Global X SuperDividend U.S. ETF DIV

This fund provides exposure to 51 of the highest dividend yielding U.S. securities by tracking the INDXX SuperDividend U.S. Low Volatility Index. It is widely diversified across each component as none of these hold more than 2.54% of the assets. Utilities accounts for one-fourth of the portfolio, closely followed by real estate (23%), consumer discretionary (13%), energy (13%) and consumer staples (12%).

The product has amassed $399.5 million in its asset base while trading in moderate volume of about 79,000 shares. It charges 45 bps in fees per year from investors and has a high annual dividend yield of 6.18%. The ETF has shed 4.3% so far this year and has a Zacks ETF Rank #3 with a Medium risk outlook (read: Low Beta ETFs to Buy as Bulls Play Hide & Seek).   

PowerShares Dividend Achievers Portfolio PFM

The product provides exposure to companies that have increased their annual dividend for 10 or more consecutive fiscal years by tracking the NASDAQ US Broad Dividend Achievers Index. Holding 261 stocks, it is widely diversified across various securities, each accounting for less than 4.5% share. Consumer staples, industrials and information technology are the top three sectors with a double-digit allocation each. This fund has amassed $306.5 million and trades in lower average daily volume of 24,000 shares. Expense ratio came in at 0.55%.

PFM has lost 2.89% so far this year and has an annual dividend yield of 1.75%. The fund has a Zacks ETF Rank #3 with a Medium risk outlook.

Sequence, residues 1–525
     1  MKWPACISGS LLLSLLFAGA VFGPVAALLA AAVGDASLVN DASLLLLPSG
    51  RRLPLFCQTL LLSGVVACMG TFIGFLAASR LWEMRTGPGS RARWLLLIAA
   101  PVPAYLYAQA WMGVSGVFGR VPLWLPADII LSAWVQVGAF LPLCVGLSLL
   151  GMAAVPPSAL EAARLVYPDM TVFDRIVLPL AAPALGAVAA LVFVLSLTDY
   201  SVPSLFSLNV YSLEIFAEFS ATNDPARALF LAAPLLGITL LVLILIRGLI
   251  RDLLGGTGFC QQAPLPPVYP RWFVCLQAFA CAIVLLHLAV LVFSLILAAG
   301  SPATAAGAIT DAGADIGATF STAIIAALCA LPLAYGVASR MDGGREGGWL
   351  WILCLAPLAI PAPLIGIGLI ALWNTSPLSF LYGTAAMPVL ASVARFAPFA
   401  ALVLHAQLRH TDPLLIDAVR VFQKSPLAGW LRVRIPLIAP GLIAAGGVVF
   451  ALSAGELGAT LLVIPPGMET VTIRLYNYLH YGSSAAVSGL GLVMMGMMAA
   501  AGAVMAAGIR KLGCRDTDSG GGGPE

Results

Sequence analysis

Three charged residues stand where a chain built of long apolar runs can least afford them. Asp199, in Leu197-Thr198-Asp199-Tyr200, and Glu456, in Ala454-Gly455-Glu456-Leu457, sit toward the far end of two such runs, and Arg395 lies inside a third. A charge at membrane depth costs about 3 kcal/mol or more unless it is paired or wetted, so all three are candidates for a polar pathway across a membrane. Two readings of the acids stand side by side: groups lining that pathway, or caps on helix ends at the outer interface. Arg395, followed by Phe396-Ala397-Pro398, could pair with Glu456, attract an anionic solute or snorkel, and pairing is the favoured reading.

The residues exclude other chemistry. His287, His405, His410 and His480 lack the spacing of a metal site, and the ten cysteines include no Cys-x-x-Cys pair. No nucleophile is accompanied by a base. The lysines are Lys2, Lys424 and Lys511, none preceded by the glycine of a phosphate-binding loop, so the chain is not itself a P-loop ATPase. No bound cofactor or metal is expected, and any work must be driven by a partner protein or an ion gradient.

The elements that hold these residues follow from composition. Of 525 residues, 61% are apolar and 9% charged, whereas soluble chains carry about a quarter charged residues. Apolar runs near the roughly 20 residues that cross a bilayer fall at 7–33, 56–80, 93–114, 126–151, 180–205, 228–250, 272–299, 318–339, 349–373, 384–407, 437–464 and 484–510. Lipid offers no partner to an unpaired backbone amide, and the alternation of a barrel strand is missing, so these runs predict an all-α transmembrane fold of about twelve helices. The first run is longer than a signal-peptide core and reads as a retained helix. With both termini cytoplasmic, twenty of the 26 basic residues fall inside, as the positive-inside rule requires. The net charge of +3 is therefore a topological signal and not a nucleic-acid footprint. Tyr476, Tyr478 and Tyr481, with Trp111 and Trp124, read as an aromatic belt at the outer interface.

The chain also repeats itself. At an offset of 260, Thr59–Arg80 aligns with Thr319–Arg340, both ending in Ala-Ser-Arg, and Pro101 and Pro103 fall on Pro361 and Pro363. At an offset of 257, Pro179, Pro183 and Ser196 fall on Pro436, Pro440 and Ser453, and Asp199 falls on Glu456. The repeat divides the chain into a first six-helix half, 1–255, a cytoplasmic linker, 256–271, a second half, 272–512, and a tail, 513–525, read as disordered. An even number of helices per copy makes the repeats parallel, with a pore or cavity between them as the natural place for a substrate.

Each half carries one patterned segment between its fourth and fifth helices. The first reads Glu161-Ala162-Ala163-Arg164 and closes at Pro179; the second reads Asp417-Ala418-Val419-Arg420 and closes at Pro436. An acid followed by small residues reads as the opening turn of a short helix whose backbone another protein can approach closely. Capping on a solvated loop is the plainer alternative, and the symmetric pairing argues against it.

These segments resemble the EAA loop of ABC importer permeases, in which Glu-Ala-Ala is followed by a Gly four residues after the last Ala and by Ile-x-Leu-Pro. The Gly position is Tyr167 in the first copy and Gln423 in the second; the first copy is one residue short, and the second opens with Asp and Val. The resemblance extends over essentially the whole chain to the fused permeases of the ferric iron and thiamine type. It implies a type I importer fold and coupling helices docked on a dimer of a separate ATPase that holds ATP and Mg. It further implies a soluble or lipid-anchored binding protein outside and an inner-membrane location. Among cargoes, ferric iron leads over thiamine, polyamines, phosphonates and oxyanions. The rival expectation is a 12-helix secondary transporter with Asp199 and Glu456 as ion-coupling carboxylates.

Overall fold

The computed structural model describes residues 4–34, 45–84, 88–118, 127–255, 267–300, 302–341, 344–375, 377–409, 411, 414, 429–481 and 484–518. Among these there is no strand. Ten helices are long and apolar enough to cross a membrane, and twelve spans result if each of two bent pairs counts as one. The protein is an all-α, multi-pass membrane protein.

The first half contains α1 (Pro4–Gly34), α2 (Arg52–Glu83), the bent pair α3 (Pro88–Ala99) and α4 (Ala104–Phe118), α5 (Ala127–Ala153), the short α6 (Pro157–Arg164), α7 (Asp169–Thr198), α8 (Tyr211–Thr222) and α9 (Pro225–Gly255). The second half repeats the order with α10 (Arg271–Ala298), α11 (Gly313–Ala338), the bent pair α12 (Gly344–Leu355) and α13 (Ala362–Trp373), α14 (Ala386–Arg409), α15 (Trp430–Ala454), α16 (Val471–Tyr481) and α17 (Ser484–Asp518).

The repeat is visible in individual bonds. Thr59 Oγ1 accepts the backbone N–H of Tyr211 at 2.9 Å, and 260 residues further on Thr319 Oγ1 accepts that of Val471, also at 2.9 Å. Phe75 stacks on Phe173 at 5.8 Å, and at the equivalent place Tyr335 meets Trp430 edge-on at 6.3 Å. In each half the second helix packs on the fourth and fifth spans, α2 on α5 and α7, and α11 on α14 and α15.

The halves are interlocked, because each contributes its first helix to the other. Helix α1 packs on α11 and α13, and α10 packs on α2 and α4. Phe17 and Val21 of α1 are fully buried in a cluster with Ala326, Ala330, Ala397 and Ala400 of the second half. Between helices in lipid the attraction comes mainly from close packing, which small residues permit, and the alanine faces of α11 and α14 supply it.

Fidelity Dividend ETF for Rising Rates FDRR

With AUM of $258.5 million, this ETF follows the Fidelity Dividend Index for Rising Rates, which reflects the performance of dividend-paying companies that are expected to continue to pay and grow their dividends and have a positive correlation of returns to increasing 10-year U.S. Treasury yields. It holds 111 stocks in its basket with each making up for less than 4.5% of the assets. Information technology is the top sector accounting for one-fourth of the portfolio while financials, healthcare, consumer discretionary and industrials round of the next spots with double-digit exposure each.

FDRR trades in a moderate volume of about 64,000 shares and charges 29 bps in expense ratio. The fund has gained 0.7% in the year-to-date timeframe and has a dividend yield of 2.87% per annum (read: Prepare for Bond Bear Market With These ETFs).

FlexShares Quality Dividend Defensive Index Fund QDEF

The product fund follows the Northern Trust Quality Dividend Defensive Index, which offers exposure to a high-quality income-oriented portfolio of U.S. stocks with an emphasis on long-term capital growth and a beta higher than the Northern Trust 1250 Index. In total, the fund holds 163 stocks in its basket that are well spread out across securities, with each holding less than 4.02% of the assets. In terms of sector holdings, information technology, financials, consumer discretionary, health care and industrials are the top five sectors.

QDEF has $312.7 million and trades in a paltry volume of about 15,000 shares. It charges 37 bps in expense ratio. The fund has lost 1.8% in the year-to-date timeframe and has a dividend yield of 2.72% per annum.